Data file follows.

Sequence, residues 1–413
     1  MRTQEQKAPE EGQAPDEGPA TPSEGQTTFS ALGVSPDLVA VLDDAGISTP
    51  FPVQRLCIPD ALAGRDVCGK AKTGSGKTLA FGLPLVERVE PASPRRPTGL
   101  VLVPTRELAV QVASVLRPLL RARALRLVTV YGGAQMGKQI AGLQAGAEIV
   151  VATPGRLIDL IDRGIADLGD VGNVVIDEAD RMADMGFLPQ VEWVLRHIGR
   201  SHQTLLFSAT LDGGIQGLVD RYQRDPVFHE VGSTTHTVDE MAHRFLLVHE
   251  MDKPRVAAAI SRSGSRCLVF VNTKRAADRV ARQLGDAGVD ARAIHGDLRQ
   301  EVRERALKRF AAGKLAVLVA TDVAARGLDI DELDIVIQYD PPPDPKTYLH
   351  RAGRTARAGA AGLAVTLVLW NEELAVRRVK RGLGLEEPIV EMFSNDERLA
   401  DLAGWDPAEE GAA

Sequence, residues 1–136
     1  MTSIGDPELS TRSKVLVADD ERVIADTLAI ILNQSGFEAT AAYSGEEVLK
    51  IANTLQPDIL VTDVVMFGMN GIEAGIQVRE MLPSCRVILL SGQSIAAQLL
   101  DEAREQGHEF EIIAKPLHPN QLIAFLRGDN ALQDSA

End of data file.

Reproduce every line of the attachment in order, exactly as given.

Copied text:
Sequence, residues 1–413
     1  MRTQEQKAPE EGQAPDEGPA TPSEGQTTFS ALGVSPDLVA VLDDAGISTP
    51  FPVQRLCIPD ALAGRDVCGK AKTGSGKTLA FGLPLVERVE PASPRRPTGL
   101  VLVPTRELAV QVASVLRPLL RARALRLVTV YGGAQMGKQI AGLQAGAEIV
   151  VATPGRLIDL IDRGIADLGD VGNVVIDEAD RMADMGFLPQ VEWVLRHIGR
   201  SHQTLLFSAT LDGGIQGLVD RYQRDPVFHE VGSTTHTVDE MAHRFLLVHE
   251  MDKPRVAAAI SRSGSRCLVF VNTKRAADRV ARQLGDAGVD ARAIHGDLRQ
   301  EVRERALKRF AAGKLAVLVA TDVAARGLDI DELDIVIQYD PPPDPKTYLH
   351  RAGRTARAGA AGLAVTLVLW NEELAVRRVK RGLGLEEPIV EMFSNDERLA
   401  DLAGWDPAEE GAA

Sequence, residues 1–136
     1  MTSIGDPELS TRSKVLVADD ERVIADTLAI ILNQSGFEAT AAYSGEEVLK
    51  IANTLQPDIL VTDVVMFGMN GIEAGIQVRE MLPSCRVILL SGQSIAAQLL
   101  DEAREQGHEF EIIAKPLHPN QLIAFLRGDN ALQDSA